An Investor's Perspective on the Real Value of Customer Success

Posted: Updated:

If you are in the tech space in the Midwest, you not only know of Bill Godfrey, but you may have been lucky to reap the benefits of his counsel. He is not merely a substantial investor in SaaS companies in Indiana, but he is also a valued advisor about how to make key early-stage decisions that will impact the success and future valuation of a company. He knows what he knows based, in large part, on his own experience as a software executive at Software Artistry, and then again as Founder and CEO of Aprimo. Software Artistry was acquired for $200 million and Aprimo was acquired for $525 million, giving Bill the personal expertise in building companies with strong valuations.

Regarding the strategy and financial model for Customer Success, Bill has some keen philosophies and insights about why and how to do it right. (Spoiler: Getting the model right can result in those subscription services being valued at the same multiple as the subscription software.)

The following is the first (of three) parts of an interview with Bill about his personal experiences as an executive building an expert services division. The second part of the interview focuses on Bill’s assessment of the current state of Customer Success. And, the third part offers his counsel for current SaaS companies trying to reap the true value of an expert services team.

Give us your thoughts on the formative years of Customer Success, and why it didn’t really work at first.

Every SaaS company knows the importance of recurring revenues and negative churn. To protect this nest egg, most software companies have created the role of account management, which is often disguised by calling it Customer Success.  Account managers have strong relationship skills, but typically lack deep product expertise and best practice insights.  Their incentives and quota goals make them sales people in their customers’ eyes.  This incarnation of account management is not what customers need, and it makes customers feel like they’re being nickel and dimed for every services request.  Account management as a function is also a serious drag on a software company’s profitability because it becomes a large cost center.  These economics make it very difficult to scale account management headcount.  This whole model is just broken and suboptimal.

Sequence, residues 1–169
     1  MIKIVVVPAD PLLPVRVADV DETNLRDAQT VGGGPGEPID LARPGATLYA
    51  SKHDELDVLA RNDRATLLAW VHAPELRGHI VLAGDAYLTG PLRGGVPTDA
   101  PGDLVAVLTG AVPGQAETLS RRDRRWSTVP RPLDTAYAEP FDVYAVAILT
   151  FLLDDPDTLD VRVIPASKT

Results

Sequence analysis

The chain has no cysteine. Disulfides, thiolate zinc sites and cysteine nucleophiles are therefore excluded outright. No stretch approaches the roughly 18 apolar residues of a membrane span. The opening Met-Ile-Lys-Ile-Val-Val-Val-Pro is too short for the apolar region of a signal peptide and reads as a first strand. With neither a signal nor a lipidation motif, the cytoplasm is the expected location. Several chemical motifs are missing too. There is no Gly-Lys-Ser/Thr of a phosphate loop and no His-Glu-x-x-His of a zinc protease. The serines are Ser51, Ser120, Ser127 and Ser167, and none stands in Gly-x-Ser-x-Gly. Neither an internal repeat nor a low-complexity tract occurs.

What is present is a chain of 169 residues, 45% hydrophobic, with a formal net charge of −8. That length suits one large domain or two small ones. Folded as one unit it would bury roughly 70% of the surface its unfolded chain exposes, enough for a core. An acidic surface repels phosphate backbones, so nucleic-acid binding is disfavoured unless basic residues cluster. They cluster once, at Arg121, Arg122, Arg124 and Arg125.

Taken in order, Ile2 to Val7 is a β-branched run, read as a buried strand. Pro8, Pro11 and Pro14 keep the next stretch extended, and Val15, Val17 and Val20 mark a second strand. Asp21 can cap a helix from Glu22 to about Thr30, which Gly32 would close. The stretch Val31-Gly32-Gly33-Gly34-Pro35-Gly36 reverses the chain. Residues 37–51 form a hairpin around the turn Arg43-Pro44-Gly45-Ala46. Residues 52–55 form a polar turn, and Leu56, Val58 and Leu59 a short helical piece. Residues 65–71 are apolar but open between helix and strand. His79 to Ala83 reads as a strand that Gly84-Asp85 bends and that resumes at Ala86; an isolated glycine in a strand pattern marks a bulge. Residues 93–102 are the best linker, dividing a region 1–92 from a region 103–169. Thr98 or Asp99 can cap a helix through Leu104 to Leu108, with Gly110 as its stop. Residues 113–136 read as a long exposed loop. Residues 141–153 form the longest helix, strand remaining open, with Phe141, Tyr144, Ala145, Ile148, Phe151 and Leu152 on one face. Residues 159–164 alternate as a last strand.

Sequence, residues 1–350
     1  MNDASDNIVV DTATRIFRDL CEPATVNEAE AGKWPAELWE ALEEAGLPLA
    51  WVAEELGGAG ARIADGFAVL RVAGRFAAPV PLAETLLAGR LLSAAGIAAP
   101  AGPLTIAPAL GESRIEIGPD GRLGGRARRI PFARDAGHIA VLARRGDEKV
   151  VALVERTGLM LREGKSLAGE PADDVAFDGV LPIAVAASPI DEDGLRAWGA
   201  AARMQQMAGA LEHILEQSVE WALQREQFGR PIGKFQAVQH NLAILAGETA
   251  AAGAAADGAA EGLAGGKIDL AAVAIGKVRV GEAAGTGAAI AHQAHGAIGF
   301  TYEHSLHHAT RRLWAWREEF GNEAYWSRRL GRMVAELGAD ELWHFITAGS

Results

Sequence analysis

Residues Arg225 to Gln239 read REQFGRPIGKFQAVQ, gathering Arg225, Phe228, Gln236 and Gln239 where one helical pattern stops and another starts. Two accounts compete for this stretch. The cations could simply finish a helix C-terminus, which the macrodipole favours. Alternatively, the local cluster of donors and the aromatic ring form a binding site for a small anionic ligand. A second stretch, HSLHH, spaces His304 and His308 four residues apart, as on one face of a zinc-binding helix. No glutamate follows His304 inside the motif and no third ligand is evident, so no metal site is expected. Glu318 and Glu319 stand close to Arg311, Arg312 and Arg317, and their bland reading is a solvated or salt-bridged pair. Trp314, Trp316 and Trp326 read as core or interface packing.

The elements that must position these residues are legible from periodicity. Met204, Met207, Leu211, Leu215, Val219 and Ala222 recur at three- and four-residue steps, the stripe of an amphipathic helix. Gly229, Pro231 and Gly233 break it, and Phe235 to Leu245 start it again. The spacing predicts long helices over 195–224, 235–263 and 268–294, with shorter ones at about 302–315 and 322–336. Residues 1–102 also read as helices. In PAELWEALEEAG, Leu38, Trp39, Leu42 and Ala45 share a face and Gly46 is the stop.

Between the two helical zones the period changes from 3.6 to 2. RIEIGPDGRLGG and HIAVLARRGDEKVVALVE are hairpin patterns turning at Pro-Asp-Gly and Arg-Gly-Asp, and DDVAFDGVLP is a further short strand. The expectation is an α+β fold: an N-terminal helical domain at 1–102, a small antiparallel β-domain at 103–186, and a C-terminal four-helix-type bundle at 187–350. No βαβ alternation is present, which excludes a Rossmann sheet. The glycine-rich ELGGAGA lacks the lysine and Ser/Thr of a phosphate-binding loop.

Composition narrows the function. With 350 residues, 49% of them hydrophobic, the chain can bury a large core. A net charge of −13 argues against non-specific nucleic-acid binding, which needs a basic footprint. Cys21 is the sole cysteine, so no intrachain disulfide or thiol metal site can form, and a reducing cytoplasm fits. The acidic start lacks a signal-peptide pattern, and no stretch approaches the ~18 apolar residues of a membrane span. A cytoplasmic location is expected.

How did you adapt at Aprimo?

At Aprimo, we initially did the Account Management model and experienced all these frustrations.  By listening closely to our customers, we innovated and created a Customer Success team that delivered expert services on demand for a subscription fee.  Our customers absolutely loved it because they always worked with the same expert resource who provided on demand, just-in-time consulting, and their costs were predictable.  We took all the friction out of the relationship.  We quickly realized that, for many of our customers, our Customer Success managers could perform the role of account management.  Securing renewals and upsells became a by-product of assuring their ongoing value attainment using our solution.  And our customers were more than happy to pay us an annual subscription fee for these expert services.  Within a few years, our Customer Success team was contributing $6-7 million in ARR at a 40-45% gross margin.  These economics enabled us to scale our staffing and capacity model to keep pace with our growing customer base.  Customer Success was a profit center and not a cost center.  And when we were acquired, we got the same valuation multiple on our subscription services ARR as we did on our software subscription ARR. 

In your experience both as a software executive and now as an investor, what do you regard as the essential priorities for an effective Customer Success model?

“Having lived in the B2B software application world for 25+ years, I have a philosophical belief that software left to its own devices will atrophy and die on the vine.”